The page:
Hitting the right set
20 May 1997
3 February 2013
28 May 2013
18 October 2013
23 May 2013
25 February 2013
Kate McNally looks at the challenges facing the Pach system in its second year. Kate McNally is a freelance journalist. The second year of the controversial Pupillage Application Clearing House (Pach) is under way. It now remains to be seen whether the changes implemented ahead of this year's application process have ironed out some fairly serious wrinkles.
For many students, sweet dreams of a one-stop application shop soon gave way to dissatisfaction. Paragraphs were missing in the print-out of Pach's computerised application form; there was insufficient feedback from administrators, particularly for students no longer at bar school; and a few applications did not reach the chambers specified. But perhaps the most significant drawback for many students was the fact that they no longer had control over their applications.
Simon Keevey applied through Pach last year and was not impressed. "The names of all those unsuccessful in the first round went into the second round and the list was sent off to chambers who had vacancies. You couldn't even phone chambers - they would tell you that the Bar Council handled any queries." Keevey believes that Pach is geared towards chambers and is of no benefit to students.
Monica Whyte also applied through the new clearing scheme last year. While she accepts that Pach is a good idea in theory, she feels that in practice it leaves students at a disadvantage. "I didn't like Pach because it was limiting being able to choose only 20 chambers," she says. "It's asking people to specialise too early when all most people want at that stage is to get a foot in the door."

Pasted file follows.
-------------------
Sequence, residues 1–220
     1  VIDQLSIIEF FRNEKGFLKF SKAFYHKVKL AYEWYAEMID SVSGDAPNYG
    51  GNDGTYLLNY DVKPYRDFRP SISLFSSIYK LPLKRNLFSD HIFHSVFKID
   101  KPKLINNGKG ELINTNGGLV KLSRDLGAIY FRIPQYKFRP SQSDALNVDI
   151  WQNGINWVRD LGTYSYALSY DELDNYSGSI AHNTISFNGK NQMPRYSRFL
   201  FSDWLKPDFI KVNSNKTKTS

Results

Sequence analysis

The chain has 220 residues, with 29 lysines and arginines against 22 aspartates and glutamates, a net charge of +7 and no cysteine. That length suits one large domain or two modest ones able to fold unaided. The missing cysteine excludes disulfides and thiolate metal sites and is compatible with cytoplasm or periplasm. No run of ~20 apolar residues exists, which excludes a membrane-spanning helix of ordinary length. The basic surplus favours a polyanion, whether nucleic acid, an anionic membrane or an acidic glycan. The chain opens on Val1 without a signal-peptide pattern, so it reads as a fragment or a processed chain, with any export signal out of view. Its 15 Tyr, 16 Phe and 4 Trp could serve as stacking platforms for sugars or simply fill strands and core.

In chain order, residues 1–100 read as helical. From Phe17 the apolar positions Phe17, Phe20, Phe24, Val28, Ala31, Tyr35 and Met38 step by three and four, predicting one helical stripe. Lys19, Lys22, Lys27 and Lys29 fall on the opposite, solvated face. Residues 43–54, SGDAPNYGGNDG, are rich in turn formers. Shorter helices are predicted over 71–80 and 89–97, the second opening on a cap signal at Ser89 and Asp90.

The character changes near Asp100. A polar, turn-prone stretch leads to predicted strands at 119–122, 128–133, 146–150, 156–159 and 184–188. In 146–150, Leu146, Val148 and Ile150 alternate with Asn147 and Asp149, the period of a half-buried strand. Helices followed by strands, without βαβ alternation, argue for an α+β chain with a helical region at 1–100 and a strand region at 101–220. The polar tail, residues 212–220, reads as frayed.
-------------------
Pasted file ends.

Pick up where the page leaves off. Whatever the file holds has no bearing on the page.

Even some students who had successfully secured a pupillage were not happy with the system. One says: "Over 500 pupils who have spent a lot of money getting trained up were left feeling utterly frustrated because they felt they did not get a fair crack of the whip."
Not all students are against Pach, however. There are those who believe it would be difficult for any system to manage effectively the applications nightmare. Now that there are more institutions offering places to hopeful Bar students, the situation is likely to worsen each year as more enter the Bar education system with no correlating increase in pupillages available.
But the success of Pach in the immediate future surely hinges on the fine-tuning of applicants' selections. Given that the aim of Pach is to make the annual application process more manageable, it inevitably means controlling the number of applications. But it was apparent during the first year of Pach, that controlling numbers was not enough in itself.
It had been expected that most chambers would receive between 70 and 100 applications through Pach, which for the majority would have meant a significant reduction. However, some chambers actually received more applications.